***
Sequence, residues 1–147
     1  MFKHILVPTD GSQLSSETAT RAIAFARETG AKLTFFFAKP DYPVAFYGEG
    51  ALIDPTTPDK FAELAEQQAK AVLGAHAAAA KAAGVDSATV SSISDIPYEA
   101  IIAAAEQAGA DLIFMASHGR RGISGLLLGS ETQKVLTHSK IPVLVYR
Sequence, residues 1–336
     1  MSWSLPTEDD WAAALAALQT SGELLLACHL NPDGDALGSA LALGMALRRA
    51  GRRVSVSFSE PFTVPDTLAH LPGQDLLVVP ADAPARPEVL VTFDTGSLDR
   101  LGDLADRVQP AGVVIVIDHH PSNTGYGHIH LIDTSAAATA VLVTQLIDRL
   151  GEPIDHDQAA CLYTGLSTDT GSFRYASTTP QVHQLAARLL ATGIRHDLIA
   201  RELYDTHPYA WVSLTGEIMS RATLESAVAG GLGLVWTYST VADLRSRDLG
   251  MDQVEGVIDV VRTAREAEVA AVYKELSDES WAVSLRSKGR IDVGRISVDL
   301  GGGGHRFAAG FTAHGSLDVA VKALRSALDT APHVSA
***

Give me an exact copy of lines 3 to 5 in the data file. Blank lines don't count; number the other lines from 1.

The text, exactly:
    51  ALIDPTTPDK FAELAEQQAK AVLGAHAAAA KAAGVDSATV SSISDIPYEA
   101  IIAAAEQAGA DLIFMASHGR RGISGLLLGS ETQKVLTHSK IPVLVYR
Sequence, residues 1–336